Tips to Increase your Chances of Getting a Loan

A bad credit score can really ruin your chances of getting a loan. If you do get the loan, you are going to pay a much higher interest …

Mortgage Loan Approval

A bad credit score can really ruin your chances of getting a loan. If you do get the loan, you are going to pay a much higher interest rate and higher fees than someone with good credit would have to pay. The good news is that it is not impossible to get a loan with bad credit; you will just have to be a little more creative than someone with great credit would have to be in order to get a loan.

Shop Around

The first thing you need to do is determine exactly what “bad credit” is to each lender. Two lenders right next door to each other could have a completely different outlook on what a bad credit loan is to them. This is why the first tip is to shop around with various lenders. You need to do this as quickly as possible, typically within a 2 week period in order for it to not hit your credit report multiple times though, as the credit bureaus ding your credit slightly for every inquiry that you have. If you have a plan and know exactly who you want to apply with and do it within a short span in order to comparison shop as well as see who will approve your application, your credit will only reflect one type of inquiry.

Get a Secured Loan

Try Gemini Today! 123

The Gemini Exchange makes it simple to research crypto market, buy bitcoin and other cryptos plus earn Up to 8.05% APY!

If you do have bad credit according to most lenders, an unsecured loan will be a very unlikely choice for you. An unsecured loan is a loan that relies strictly on your qualifications, there is no collateral offered up if you were to default on the loan. In the case of bad credit, you will have to opt for a secured loan. This means that you are giving up some type of collateral in exchange for the loan. For example, an auto loan uses the car as collateral. If you do not pay the car loan on time, the bank can repossess your car. Personal loans, on the other hand, are typically unsecured. You can opt for a secured credit card or a secured personal loan to give your application a better chance at being approved. Lenders typically accept cars, property, and savings accounts as acceptable collateral.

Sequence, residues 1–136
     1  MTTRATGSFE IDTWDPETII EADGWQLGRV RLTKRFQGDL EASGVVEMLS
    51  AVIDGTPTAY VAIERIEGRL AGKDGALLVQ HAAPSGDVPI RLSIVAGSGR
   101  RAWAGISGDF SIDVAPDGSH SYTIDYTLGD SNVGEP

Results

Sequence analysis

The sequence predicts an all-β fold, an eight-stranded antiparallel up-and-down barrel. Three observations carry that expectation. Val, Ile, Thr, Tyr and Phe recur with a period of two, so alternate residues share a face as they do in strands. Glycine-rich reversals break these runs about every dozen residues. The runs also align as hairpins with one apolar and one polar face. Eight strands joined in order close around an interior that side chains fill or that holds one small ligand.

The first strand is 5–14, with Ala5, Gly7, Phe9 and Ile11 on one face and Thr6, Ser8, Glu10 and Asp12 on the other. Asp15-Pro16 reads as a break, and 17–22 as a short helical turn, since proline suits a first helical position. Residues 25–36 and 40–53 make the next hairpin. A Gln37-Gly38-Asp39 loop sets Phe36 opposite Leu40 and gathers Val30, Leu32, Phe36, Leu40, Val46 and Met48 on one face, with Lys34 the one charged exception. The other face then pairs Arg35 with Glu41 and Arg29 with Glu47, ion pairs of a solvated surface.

Try your Local Credit Union

Credit unions are not just for the people that work at that specific company; today many credit unions are open to the public. These lenders are similar to a bank, but they are much smaller. Because of that, they are more willing to work with individuals rather than looking at them just as a number (or credit score). If you have bad credit, they may be willing to take the risk on your loan in exchange for a higher interest rate, more fees, or as discussed above, some type of collateral. Credit unions keep most of their loans in their own portfolio so they have a greater ability to diversify their risk than a bank that sells their loans to secondary investors would.

Use a Cosigner

A cosigner is one of the best ways to get your loan approved despite your bad credit. The problem is that you have to find someone that is willing to take the chance on you. If you were to default on the loan and your friend cosigned for you, he would then be liable for the loan or his credit could be ruined. This can be a tricky situation, so you want to tread carefully here. The key is to make timely payments with this type of loan so that your credit improves and you do not damage your relationship with the cosigner. If your credit improves enough over time, you could likely refinance the loan into your own name and relinquish the responsibility of the cosigner.

Getting a loan with bad credit can be done with a little more legwork than would be necessary if you had good credit. Once you get the loan, it is very important that you make your payments on time and try to keep your credit utilization rate under 30% if it is revolving credit. This enables your credit score to increase over time, allowing you to have an easier time the next time you try to apply for a loan.

Share This:

In this article